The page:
The Lycian Way is (approximately) a 540 km, 29 day long, hike along Turkeys stunning southern coast of ancient Lycia. Steve and I planned to do 2 weeks -14 days but it was so scorching hot we only managed 5 days from the 26th – 30th of May 2015 and 2 more days later on.
It stretches from Ölüdeniz, near Fethiye, to Geyikbayırı, about 20 kilometres from Antalya. The track is way-marked by red and white stripes along various rocks, tree trunks, sticks, or whatever seemed reasonable to who ever was tasked with the job to slap a bit of paint about the place. Often times, there was more than one marker and we wandered off the wrong way only to be met with a plunging cliff face, but retracing our steps were usually simple enough to manage without too much frustration. 🙂
Steve and I decided to catch a bus all the way to Antalya from Fethiye where had left our larger belongings and could catch the ferry over to Greece, upon returning. Also I had made some friends in Antalya whilst checking the charming little seaside city out on my own weeks earlier.
After purchasing some new kicks, and hanging with our new friends in Antayla for a couple of days we hit the road to find our starting point.
Day 1 – We set off to Tekirova – ready, eager and with a brand new pair of comfy fitting bright orange shoes for me. 🙂
The Mountains rise sharply from the jagged rocky coast, allowing amazing views of the Mediterranean Sea from the varied hiking tracks. Think forestry green rolling hills, with a few pointing peaks surrounded by fogging candyfloss clouds, the ever present smell of pine needles, that remind you of Christmas, if you were lucky enough to have a real tree inside the house. Sparkling transparently blue/green water miles below or at your very finger tips. Rocks peering back at you that almost look like they are inviting you in to enjoy and absorb the cool bliss, just as they are. Sometimes we even caught glimpses of a few cheeky fish, checking us out or trying to tell us something? These are the most enjoyable sections of the track. When you are so alone that you actually think rocks, fish, birds or whatever are trying to say something to you – if only you could speak their language?! Or maybe that was the “motivation” playing tricks on my mind..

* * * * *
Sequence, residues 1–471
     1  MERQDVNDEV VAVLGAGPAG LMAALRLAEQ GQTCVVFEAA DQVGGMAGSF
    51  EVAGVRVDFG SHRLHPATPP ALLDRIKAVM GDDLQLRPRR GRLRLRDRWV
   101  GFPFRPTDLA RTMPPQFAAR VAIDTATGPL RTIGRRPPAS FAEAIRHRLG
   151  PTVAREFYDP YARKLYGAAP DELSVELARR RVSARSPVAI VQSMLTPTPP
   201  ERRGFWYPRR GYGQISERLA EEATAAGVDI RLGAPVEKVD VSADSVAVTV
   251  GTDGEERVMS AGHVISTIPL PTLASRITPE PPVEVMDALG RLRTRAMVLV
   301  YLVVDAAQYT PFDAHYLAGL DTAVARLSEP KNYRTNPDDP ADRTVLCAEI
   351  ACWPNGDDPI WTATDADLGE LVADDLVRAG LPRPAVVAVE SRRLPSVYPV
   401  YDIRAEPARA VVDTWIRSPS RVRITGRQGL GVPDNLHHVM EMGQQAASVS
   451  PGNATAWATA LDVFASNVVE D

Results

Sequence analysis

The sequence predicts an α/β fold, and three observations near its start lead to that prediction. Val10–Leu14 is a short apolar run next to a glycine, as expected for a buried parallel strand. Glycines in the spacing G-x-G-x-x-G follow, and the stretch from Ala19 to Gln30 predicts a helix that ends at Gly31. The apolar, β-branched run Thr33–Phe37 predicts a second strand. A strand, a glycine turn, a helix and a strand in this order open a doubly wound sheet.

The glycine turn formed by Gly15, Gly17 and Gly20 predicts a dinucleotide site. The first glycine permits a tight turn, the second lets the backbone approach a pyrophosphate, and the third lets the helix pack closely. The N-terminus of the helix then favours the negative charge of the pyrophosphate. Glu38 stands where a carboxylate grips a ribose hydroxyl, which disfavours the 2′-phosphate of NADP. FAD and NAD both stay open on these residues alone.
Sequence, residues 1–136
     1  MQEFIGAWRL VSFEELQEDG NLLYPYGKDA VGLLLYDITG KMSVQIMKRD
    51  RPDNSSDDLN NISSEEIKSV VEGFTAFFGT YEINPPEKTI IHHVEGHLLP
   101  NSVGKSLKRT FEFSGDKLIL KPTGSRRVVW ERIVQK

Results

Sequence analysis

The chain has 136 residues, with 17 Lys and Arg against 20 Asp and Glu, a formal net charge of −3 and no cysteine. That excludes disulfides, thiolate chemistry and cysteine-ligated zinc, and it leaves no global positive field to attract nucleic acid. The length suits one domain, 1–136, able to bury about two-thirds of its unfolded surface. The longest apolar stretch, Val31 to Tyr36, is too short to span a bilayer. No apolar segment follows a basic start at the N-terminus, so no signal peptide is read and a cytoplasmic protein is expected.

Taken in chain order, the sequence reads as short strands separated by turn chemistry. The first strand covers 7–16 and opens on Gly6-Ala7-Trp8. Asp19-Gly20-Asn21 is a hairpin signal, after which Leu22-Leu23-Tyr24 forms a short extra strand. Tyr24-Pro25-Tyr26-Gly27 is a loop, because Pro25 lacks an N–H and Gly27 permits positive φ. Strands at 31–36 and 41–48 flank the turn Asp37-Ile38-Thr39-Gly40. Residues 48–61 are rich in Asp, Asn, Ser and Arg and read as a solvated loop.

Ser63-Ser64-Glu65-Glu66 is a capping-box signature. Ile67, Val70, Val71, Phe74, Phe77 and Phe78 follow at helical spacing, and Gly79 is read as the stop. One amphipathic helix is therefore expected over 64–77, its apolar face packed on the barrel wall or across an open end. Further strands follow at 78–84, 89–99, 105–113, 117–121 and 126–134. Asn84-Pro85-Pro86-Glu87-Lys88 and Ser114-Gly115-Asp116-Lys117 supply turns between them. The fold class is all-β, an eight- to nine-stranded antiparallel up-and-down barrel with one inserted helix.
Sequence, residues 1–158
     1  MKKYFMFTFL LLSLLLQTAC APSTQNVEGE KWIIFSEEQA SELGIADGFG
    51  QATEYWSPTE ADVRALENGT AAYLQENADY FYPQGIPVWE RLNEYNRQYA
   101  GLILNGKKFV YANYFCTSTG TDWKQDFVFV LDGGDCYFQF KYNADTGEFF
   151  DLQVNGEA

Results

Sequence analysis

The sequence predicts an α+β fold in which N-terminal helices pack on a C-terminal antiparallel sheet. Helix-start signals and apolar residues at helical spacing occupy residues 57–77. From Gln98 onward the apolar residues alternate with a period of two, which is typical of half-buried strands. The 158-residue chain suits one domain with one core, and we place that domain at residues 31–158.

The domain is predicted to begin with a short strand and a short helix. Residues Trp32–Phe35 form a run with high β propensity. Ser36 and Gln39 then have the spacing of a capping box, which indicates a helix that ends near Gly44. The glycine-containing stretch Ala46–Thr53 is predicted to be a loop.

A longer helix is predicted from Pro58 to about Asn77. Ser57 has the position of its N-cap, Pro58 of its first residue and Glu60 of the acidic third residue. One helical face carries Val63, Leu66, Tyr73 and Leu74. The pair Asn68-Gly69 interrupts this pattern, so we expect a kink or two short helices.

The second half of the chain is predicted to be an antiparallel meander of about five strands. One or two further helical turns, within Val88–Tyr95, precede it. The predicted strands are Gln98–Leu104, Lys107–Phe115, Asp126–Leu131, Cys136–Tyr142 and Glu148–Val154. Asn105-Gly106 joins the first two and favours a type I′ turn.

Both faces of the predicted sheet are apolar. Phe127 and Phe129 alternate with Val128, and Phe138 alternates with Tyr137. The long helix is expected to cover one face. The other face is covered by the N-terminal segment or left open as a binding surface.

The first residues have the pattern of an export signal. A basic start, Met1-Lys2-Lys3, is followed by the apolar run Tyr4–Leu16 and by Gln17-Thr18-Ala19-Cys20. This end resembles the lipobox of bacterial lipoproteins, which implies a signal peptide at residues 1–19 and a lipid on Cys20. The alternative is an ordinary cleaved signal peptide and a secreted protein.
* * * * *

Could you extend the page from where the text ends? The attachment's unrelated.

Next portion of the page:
Of course after a few days – depending on where you start you will run into heavy coastal tourism and high-intensity agriculture is crowded onto the deltas, but it was nice to see civilization again.
Steve always takes his tent when he goes hiking, and we had every intention of stringing it up and cracking out the wee cooking stove and our famous camping pasta – that somehow tastes like its on another level. It’s something about working hard all day, sweating up a storm, setting up the camp, cooking on a good old fashioned camp fire/stove that give it that special IT factor. Or maybe it just tastes amazing because you are so dam tired and anything hot would be mind blowing? Same same, but different. So anyway after hiking all day we decided to get a hotel room as camping in the small yet surprisingly touristy town of Tekirova was really expensive. Also the weather really was crap, I’m talking buckets of rain, so we choose relaxation station instead! A.k.a A real bed!
Day 2 – Waking up rested, Steve and I take a day hike to Phaselis Ruins and a bus back to Tekirova from Camyuva.
Hiking over to the ruins from the bus stop consisted of friendly beach horses, beaches, more specular views, more cliffs and a few rowdy Gullets (tourist schooners/boats) that crank the be-Jesus out of their stereos all-day-long. Kind of ruins the scene of the ruins but there is always a trade off with everything and they don’t usually stay too long…